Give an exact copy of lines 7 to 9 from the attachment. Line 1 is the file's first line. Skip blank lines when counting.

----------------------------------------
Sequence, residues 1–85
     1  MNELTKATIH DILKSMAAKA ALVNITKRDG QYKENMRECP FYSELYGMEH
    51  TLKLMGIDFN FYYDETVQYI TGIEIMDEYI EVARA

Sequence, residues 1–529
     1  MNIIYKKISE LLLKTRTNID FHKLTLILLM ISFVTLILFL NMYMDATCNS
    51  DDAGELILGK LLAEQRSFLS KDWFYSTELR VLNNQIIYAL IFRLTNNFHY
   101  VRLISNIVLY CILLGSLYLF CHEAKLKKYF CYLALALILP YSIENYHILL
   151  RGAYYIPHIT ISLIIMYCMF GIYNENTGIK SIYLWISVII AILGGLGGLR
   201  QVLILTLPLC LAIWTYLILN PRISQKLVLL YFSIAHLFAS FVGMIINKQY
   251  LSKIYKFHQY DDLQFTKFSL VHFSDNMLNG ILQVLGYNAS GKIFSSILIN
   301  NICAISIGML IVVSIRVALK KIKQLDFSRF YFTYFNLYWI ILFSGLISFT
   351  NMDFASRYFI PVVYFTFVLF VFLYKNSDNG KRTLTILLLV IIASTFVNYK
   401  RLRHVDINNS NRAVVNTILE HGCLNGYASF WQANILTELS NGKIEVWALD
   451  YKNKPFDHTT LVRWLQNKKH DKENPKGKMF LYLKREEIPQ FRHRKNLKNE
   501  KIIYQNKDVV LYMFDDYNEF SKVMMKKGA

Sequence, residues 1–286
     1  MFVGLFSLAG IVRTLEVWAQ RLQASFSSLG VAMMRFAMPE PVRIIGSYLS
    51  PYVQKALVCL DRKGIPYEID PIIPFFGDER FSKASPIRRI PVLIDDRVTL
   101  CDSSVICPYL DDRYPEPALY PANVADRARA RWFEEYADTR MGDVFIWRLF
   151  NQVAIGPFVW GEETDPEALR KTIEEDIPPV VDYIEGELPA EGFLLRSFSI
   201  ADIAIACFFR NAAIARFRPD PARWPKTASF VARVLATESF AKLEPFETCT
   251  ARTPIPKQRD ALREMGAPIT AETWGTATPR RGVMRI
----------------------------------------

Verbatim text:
   101  VRLISNIVLY CILLGSLYLF CHEAKLKKYF CYLALALILP YSIENYHILL
   151  RGAYYIPHIT ISLIIMYCMF GIYNENTGIK SIYLWISVII AILGGLGGLR
   201  QVLILTLPLC LAIWTYLILN PRISQKLVLL YFSIAHLFAS FVGMIINKQY